It was packed to the rafters at The Slaughter House for the monthly midweek comedy extravaganza that sees the newer comedian dipping their toes in the live comedy waters as well as more established acts trying out some new material.
The evening was hosted by compère Phil Chapman, whose cheeky-chappy demeanour settled the crowd. A young chap on the front row by the name of Josh became the anchor of the host's banter throughout the night and an intriguing engagement with a young lady who came in late because she was getting ready and waiting for her friend who subsequently couldn't attend due to an injury.
Walking into the Quays Theatre to the background blaring of generic rock music and the shouts of a drunken man somewhere in the second tier of seating, I knew my night was going to go one of two ways.
Tom Stade, of Live at the Apollo fame, recently completed a run at the Edinburgh Festival Fringe and is now embarking on a UK tour, with no signs of slowing down. The exuberant comedian, with his loud, distinctively hoarse voice, rushes onstage like a rock-star celebrating being released from rehab, to rapturous cheers from the crowd. This impression was only heightened at the end of his set, when a couple of men in the front row jumped up to shake his hand and as Stade leaned forwards I half expected him to try a stage dive: and, to be honest, he might have been able to pull it off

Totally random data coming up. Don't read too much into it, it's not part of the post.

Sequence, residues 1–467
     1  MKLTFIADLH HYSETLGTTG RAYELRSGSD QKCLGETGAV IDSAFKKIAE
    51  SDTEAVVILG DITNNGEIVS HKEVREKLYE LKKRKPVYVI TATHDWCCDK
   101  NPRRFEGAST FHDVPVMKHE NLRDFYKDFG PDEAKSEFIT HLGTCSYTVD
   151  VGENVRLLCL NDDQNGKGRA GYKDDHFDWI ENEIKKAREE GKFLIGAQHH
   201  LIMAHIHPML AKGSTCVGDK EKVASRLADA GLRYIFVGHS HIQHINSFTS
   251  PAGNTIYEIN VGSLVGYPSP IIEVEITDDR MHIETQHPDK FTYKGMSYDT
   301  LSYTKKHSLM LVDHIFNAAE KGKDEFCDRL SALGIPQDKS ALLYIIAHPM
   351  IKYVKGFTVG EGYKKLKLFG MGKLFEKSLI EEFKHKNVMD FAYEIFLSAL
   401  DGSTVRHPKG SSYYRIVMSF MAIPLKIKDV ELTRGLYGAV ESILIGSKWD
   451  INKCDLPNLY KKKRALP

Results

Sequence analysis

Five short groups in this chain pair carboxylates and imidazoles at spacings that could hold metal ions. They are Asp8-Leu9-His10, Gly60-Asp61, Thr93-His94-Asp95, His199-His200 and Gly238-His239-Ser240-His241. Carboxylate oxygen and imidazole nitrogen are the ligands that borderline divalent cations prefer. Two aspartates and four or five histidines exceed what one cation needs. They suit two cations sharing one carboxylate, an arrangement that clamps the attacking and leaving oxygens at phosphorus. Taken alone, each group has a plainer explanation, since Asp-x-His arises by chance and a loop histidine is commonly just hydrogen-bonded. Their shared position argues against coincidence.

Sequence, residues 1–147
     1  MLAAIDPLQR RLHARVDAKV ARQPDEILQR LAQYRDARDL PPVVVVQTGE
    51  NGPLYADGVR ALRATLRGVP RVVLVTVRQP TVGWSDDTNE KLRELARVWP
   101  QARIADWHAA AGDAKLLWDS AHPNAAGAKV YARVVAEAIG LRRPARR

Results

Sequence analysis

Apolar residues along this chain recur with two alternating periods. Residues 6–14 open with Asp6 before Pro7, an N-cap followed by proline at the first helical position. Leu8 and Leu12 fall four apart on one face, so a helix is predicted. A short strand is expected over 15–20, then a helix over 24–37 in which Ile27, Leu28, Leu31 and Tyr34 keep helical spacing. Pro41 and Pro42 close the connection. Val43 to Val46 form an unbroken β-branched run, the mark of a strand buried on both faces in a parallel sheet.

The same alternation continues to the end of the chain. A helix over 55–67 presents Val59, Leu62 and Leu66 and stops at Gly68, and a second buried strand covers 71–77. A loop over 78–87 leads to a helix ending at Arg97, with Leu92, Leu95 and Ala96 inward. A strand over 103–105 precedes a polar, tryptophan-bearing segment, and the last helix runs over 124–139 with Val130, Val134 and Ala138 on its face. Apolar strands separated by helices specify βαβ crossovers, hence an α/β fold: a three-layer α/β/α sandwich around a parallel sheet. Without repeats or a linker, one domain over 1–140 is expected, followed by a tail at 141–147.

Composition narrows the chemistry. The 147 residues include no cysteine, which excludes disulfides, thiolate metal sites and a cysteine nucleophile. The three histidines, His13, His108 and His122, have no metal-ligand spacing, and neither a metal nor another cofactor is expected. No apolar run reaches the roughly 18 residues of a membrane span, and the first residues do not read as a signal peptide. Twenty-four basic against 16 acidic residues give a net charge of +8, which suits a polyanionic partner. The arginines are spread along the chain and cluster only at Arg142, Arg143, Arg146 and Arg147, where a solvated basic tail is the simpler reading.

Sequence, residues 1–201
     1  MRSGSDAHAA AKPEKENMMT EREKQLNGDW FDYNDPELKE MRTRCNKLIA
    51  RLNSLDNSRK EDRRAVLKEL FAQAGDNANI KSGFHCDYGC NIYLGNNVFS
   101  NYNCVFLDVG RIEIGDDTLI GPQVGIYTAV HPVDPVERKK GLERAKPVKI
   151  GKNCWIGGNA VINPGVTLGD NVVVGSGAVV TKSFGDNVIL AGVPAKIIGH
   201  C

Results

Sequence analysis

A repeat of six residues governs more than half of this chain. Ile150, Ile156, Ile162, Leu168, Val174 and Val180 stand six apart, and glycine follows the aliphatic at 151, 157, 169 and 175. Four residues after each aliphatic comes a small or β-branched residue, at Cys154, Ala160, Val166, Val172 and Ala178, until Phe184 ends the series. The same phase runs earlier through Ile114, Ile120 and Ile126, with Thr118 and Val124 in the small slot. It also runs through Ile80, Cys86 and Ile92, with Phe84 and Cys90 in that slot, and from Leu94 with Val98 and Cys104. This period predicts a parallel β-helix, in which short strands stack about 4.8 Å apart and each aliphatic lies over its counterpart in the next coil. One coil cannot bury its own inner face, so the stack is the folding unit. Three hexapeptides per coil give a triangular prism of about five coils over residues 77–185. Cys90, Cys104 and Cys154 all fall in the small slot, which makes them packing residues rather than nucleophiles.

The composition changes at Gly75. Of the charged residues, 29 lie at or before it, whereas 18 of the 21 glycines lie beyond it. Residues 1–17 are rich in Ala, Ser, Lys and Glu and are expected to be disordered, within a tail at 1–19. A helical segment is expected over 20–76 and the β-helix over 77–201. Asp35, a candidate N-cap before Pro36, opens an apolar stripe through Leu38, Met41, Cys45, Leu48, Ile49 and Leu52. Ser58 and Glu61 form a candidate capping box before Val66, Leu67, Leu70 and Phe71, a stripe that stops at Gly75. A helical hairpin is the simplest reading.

This is the fourth night of Isy Suttie’s tour and according to Isy it was the best one so far. I’ve seen Isy on TV as both stand up, actress and panel show pundit but tonight I saw the full range of her talent.
Isy welcomed us, in a light and self-deprecating way, before introducing her support act, Harriet Kemsley. Harriet is a wide-eyed performer who has won several awards since she began doing stand up in 2011. I found her to be a bit awful and, in her own words, a bit weird. She did manage to raise a few laughs but her performance felt a bit stilted and I felt she didn’t engage the audience as well as I thought she might.
Stephen K Amos took to the stage in the Quays Theatre tonight for another hilariously funny show. Influenced by the great Richard Pryor, Stephen has been on the comedy circuit for many years now making his Edinburgh Festival debut in 2001. With the exception of 2002 he has played there every year since and is now one of the country’s leading comedians.
I stepped in at the last minute to review this due to the indisposition of the original reviewer, and although it meant another late night and added stress, I was actually quite happy. I have seen Mr. Delaney on TV several times, as he is a regular guest on shows such as Mock The Week. He also writes for 8 Out Of 10 Cats.
I also had the fortune to see him live in an unexpected appearance at The Comedy Store a fortnight ago where he was trying out some new material, and liked his rather blasé and take-me-as-I-am approach.
The Comedy Store is widely regarded as a staple of comedy and entertainment,
a place where anything goes and you can be assured of a fantastic night each and every time you visit, I was delighted to attend last night to see an incredible array of 4 sublime comedians that were at the top of their career and as you can tell - it didn’t disappoint. Additionally, the contrast of the comedian’s being so wide means there is always something for everyone!